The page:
How Could Mid-Term Elections Impact Health Care Reform

A new AP poll finds that Americans who think the Health Care Reform law should have done more outnumber those who think the government should stay out of health care by 2-to-1. 

The poll found that about four in 10 adults think the new law did not go far enough to change the health care system, regardless of whether they support the law, oppose it or remain neutral. On the other side, about one in five say they oppose the law because they think the federal government should not be involved in health care at all.

The AP poll was conducted by Stanford University with the Robert Wood Johnson Foundation. Overall, 30 percent favored the legislation, while 40 percent opposed it, and another 30 percent remained neutral.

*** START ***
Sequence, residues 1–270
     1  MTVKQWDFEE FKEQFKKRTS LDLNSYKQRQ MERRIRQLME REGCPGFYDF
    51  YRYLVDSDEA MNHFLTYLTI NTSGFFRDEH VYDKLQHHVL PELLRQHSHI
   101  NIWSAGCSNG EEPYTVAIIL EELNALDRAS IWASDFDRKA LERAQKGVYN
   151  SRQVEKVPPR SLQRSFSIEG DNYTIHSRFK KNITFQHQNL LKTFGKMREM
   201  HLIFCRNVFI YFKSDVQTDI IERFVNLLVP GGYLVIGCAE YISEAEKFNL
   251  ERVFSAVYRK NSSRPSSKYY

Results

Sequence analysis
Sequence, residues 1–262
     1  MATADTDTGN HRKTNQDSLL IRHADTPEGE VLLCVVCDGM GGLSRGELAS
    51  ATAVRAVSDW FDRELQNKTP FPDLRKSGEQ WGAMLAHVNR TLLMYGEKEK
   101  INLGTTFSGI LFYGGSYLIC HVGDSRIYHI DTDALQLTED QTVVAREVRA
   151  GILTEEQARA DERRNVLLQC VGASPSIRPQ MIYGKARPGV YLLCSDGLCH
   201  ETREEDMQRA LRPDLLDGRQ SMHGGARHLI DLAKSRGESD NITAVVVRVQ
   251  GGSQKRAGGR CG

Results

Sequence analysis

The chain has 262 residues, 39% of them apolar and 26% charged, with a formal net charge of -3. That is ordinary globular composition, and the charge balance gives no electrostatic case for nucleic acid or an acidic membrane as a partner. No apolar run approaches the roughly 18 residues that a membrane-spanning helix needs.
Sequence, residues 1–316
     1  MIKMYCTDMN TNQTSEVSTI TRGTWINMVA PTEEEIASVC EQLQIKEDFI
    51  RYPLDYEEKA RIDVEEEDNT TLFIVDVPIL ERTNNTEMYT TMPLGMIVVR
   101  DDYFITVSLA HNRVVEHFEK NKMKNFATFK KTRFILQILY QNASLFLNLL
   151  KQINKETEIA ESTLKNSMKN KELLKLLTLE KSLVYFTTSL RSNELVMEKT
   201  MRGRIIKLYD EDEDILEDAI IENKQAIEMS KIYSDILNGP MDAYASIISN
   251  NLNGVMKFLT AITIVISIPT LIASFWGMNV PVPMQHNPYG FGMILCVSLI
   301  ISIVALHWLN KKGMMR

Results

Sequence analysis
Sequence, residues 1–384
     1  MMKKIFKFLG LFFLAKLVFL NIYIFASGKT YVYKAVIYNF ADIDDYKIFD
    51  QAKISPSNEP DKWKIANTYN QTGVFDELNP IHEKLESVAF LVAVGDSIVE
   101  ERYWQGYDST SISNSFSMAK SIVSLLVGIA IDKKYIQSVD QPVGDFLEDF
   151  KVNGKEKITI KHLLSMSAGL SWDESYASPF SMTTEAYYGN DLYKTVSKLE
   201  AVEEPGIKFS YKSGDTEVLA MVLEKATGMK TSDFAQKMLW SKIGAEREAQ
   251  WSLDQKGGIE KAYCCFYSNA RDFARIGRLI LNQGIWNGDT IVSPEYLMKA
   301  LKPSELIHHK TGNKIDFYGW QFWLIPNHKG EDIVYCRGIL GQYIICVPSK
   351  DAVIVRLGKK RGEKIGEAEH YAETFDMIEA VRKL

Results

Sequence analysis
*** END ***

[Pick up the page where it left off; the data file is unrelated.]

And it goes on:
With several of the reforms new provisions going into effect last week, House Republicans unveiled its 21-page “Pledge to America”  a blueprint for what the party would do should it retake one or both houses of Congress, the GOP lays out its own ideas for improving health care. The document proposes to do away with health care mandates on small businesses, allow the purchase of health care across state lines and enact “real medical liability reform.”

 

It would seem unlikely that the GOP would accomplish appealing the reform in its entirety even if they gained control of the House and Senate.  But we can expect significant changes to the reform for the changes expected to take place in 2014.

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